A 2013 administrative complaint filed by the Federal Trade Commission (FTC) against an Ohio company, ECM Biofilms Inc., has finally concluded.
The FTC administrative complaint asserted that ECM’s biodegradability claims were inherently deceptive. The marketing for the ECM product included statements such as, “The plastic products made with our additives will break down in approximately 9 months to 5 years in nearly all landfills or wherever else they may end up.” The FTC Green Guides, which help marketers avoid making unfair or deceptive environmental claims according to federal law, provide guidance on biodegradability claims. The Green Guides expressly state that, “it is deceptive to make an unqualified degradable claim for items entering the solid waste stream if the items do not completely decompose within one year after customary disposal.”
After laboratory tests and consumer surveys completed by experts from both parties, the administrative law judge (ALJ) determined that ECM’s biodegradability claims were false and unsubstantiated. ECM appealed to the ALJ’s finding. However, another decision made by the ALJ wasn’t in the FTC’s favor. The ALJ also found that the FTC did not provide substantial evidence that ECM had implied a one year biodegradability claim, and therefore they failed to prove that ECM’s other biodegradability claims were misleading. Appeals were made by both ECM and the FTC.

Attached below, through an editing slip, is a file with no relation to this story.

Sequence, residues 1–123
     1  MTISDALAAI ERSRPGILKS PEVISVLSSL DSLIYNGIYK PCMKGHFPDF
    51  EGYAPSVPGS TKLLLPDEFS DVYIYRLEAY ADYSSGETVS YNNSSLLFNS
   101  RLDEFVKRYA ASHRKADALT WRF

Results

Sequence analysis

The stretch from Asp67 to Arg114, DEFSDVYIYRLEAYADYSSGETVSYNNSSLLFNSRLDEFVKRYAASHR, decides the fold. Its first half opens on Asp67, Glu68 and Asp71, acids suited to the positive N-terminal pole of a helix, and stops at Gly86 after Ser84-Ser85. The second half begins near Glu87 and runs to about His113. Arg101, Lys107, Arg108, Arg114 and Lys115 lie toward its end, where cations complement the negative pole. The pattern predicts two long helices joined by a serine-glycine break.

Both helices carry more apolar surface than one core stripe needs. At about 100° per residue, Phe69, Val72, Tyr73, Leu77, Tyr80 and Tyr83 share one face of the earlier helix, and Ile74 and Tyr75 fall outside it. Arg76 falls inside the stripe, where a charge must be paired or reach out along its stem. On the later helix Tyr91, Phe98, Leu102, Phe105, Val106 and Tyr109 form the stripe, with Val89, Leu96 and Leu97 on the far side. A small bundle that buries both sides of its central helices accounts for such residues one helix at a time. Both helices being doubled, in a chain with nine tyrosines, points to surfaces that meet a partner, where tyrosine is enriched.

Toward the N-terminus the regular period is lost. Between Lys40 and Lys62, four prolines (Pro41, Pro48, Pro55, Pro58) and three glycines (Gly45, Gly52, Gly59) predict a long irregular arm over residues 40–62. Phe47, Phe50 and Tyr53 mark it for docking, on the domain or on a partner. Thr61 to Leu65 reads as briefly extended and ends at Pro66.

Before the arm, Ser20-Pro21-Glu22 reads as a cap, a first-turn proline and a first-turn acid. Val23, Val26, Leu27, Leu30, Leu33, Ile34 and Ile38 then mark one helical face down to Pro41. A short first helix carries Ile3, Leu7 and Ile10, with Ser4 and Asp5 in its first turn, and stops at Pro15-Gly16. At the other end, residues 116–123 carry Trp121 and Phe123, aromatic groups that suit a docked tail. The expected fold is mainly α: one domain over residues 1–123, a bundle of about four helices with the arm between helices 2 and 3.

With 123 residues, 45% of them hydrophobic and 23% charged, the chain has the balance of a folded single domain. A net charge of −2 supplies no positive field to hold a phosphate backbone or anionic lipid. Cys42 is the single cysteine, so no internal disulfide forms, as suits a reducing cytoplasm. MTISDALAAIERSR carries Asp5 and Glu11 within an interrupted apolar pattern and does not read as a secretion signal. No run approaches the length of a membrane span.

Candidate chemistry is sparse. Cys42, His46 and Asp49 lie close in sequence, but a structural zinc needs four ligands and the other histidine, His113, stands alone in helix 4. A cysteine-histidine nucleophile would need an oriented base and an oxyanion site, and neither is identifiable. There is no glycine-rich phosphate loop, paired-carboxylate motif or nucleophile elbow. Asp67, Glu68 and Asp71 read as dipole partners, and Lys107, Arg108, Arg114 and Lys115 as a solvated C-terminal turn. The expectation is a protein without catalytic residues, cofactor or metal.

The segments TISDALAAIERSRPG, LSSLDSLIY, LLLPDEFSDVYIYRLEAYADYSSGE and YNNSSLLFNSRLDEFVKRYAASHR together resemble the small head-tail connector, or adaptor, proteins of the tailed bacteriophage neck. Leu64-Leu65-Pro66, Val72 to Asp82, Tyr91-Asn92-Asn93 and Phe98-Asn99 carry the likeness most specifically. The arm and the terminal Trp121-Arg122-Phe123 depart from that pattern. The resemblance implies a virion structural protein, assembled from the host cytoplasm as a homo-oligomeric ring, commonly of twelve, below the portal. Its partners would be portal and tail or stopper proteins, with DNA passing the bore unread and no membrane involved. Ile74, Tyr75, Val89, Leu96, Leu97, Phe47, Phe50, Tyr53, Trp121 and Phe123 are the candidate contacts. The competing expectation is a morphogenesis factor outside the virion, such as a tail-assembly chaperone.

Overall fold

The five members of the Commission affirmed the ALJ’s decision stating that there was, in fact, clear evidence from both parties’ experts. The Commission also found that ECM had in fact made implied claims that their products would degrade within a short period of time, reversing the ALJ’s second decision. ECM then petitioned a federal appeals court arguing that the decision from the Commission was made without substantial evidence, that the Commission invaded EPA’s jurisdiction to manage solid waste disposal, and that ECM’s First and Fifth Amendment rights were violated.
This March, the federal appeals court denied ECM’s petition for review. This decision has affirmed the FTC’s authority to enforce federal law regulating claims of biodegradability, setting a precedent for all future administrative complaints filed against companies selling products with biodegradable claims. With California law, which prohibits claims of biodegradability for all plastic products sold in the state, and this decision made by the federal appeals court, manufacturers should be on notice that false and misleading environmental claims will not be tolerated.
Read more about CAW's own Environmental Advertising and Compliance Campaign and how we utilize California law to reduce false and misleading "green marketing" claims by consumer product makers.